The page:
By Faranak Bakhtiari

Let’s keep the world beating by donating blood

June 14, 2021 - 16:20

TEHRAN – As developing countries expand treatment facilities and developed ones invent new medical measures, the need for blood and blood products increases daily, so that, with blood donation, we can save millions of lives and keep the hearts of many beatings.

June 14 was chosen as World Blood Donor Day because it is the birthday of the Austrian immunologist and pathologist Karl Landsteiner. His discovery of blood types and how safe blood transfusions are brought great advances in science.

The aim is to raise global awareness of the need for safe blood and blood products for transfusion and of the critical contribution voluntary, unpaid blood donors make to national health systems.

For 2021, the World Blood Donor Day slogan will be “Give blood and keep the world-beating”. The message highlights the essential contribution blood donors make to keeping the world pulsating by saving lives and improving others’ health. It reinforces the global call for more people all over the world to donate blood regularly and contribute to better health.

Over 2.1m Iranians donate blood per year

Blood donation in Iran has long been done voluntarily; over 2.1 million Iranians donate blood annually, Bashir Haji-Beigi, the Blood Transfusion Organization spokesman said on Monday.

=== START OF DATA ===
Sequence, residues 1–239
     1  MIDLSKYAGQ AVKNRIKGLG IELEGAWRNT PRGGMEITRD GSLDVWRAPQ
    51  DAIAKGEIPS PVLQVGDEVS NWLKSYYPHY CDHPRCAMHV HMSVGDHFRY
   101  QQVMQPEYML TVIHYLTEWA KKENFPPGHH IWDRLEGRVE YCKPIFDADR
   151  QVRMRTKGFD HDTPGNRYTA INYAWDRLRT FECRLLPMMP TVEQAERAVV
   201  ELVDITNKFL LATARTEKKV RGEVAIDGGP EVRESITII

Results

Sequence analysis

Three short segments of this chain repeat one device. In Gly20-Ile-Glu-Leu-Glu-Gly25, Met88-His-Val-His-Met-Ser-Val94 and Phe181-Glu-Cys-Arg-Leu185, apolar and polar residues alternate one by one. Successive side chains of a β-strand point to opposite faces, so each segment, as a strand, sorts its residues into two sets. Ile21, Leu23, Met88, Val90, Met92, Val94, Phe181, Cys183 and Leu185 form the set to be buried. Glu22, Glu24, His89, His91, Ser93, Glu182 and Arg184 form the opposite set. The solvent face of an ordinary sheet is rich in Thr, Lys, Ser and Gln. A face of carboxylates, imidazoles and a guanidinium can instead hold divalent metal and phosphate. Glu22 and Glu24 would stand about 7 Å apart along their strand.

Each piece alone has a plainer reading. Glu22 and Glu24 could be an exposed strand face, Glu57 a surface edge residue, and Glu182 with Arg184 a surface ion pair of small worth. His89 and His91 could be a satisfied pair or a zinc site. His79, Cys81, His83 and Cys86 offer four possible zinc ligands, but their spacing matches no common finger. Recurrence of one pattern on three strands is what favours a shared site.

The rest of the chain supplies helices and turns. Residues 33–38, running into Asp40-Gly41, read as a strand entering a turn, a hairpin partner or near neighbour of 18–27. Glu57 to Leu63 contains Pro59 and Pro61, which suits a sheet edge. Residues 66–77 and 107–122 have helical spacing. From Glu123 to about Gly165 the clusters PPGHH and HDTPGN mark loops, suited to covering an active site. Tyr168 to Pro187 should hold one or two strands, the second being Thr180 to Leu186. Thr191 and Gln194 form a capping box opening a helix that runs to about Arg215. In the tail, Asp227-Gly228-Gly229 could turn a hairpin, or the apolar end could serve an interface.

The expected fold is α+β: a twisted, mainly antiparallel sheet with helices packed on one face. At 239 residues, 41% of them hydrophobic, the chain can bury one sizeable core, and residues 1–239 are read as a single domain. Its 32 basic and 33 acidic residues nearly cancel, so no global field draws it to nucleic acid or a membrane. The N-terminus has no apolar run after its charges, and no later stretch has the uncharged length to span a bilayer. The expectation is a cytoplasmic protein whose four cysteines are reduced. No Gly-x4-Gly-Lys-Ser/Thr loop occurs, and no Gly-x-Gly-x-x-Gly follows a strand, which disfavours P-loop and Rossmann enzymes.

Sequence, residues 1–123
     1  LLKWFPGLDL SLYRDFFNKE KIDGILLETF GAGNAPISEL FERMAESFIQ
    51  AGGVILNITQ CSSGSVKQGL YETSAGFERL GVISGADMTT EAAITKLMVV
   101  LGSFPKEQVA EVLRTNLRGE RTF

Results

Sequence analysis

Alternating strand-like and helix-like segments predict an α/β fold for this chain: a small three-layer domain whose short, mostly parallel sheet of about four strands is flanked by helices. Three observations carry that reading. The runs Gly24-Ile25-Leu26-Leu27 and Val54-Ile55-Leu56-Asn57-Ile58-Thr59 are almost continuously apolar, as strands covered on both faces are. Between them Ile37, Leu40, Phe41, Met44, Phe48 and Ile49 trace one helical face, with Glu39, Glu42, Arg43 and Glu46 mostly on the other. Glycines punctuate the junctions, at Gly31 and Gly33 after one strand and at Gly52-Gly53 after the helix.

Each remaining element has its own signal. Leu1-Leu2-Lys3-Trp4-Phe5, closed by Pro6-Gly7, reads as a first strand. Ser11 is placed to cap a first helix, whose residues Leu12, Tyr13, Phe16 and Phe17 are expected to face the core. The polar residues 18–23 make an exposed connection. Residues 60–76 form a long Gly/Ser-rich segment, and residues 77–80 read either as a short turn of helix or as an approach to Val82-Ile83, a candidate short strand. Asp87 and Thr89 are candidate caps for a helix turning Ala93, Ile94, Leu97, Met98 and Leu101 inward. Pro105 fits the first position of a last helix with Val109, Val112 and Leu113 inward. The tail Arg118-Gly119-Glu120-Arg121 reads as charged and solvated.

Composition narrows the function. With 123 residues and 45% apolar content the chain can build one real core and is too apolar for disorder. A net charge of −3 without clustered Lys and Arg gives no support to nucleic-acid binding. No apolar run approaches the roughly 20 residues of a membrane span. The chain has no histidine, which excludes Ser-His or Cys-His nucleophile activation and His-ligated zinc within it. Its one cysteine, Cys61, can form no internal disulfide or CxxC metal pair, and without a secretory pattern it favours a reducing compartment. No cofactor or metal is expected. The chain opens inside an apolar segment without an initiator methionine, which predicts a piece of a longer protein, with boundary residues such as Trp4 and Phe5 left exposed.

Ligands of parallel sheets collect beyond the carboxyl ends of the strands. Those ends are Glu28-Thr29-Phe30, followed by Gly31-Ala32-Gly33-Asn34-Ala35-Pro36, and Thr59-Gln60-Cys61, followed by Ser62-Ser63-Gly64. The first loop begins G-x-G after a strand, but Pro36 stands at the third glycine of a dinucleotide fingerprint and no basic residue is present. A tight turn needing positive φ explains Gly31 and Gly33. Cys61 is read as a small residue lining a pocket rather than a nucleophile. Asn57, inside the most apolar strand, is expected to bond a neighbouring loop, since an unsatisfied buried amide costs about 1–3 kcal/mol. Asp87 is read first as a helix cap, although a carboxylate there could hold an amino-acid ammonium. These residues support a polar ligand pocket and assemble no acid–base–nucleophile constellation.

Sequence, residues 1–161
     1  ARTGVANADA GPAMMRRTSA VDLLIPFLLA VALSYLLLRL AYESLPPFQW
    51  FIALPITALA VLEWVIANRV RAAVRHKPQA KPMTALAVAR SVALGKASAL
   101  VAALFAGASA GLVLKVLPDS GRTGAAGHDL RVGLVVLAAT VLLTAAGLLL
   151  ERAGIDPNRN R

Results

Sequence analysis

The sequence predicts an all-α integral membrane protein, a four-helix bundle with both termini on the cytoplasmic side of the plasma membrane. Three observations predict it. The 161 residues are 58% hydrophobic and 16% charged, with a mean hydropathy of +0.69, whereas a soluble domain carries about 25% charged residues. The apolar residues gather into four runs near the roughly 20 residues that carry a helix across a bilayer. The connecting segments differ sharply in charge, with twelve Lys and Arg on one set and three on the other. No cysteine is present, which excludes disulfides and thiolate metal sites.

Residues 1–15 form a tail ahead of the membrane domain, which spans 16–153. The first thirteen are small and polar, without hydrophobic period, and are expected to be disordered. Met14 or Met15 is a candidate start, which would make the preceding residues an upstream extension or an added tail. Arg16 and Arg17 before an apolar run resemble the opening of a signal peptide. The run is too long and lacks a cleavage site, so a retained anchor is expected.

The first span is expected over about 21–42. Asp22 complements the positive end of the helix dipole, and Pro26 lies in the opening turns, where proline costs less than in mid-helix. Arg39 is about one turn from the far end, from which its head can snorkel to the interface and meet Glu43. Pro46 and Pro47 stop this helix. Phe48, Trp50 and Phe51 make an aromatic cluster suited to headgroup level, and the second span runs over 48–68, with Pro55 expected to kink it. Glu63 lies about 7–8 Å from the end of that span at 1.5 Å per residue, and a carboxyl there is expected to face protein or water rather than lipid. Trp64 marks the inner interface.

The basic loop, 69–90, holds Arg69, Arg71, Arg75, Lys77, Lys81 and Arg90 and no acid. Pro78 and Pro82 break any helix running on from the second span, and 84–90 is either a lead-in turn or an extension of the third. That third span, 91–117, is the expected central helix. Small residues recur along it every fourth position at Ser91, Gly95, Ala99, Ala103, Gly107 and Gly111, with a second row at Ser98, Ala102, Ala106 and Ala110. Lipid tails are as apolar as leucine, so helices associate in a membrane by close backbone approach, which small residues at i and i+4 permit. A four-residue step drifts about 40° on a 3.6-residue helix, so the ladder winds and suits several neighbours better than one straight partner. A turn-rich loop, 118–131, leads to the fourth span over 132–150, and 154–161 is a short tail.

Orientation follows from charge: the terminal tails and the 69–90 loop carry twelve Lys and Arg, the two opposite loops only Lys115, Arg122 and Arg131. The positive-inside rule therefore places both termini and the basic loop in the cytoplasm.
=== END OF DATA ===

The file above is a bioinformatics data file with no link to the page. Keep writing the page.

There are currently 178 blood donation centers in the country, with Fars, Khorasan Razavi, Khuzestan, Tehran, and Mazandaran provinces having the largest number of blood donation centers, he stated.

Safe blood saves lives, and one in three people in the world need a blood transfusion or blood products during their lifetime, he highlighted.

The most obvious example of an urgent need for blood is the time of various incidents such as car accidents, burns, and surgeries, he added.

Pregnant women also need blood during childbirth, premature infants with jaundice and cancer patients undergoing chemotherapy or radiation therapy also need blood and blood products, Haji-Beigi said, adding, many other patients, such as those with thalassemia and hemophilia, also have to receive blood or blood products to enjoy a relatively normal life.

A unit of blood saves the lives of three

As developing countries expand their diagnostic and treatment facilities for the treatment of various diseases, such as cancers, more and more blood transfusions are needed, and this need is constantly increasing.

Haji Beigi emphasized that also, technological advances in industrialized and developed countries cause new medical measures to be invented and, consequently, the need for blood and blood products will increase.

A unit of blood can save the lives of three people; compressed blood cells are derived from one blood unit, which is used in surgeries, then platelets are taken, which is used by cancer patients, and blood plasma is used in patients with liver failure and burns, he explained.

COVID-19 recovered patients donate plasma

From the beginning of April 2020 until April 2021, some 15,039 plasma units have been donated by patients who have been recovered from COVID-19 throughout the country, Haji Beigi, announced.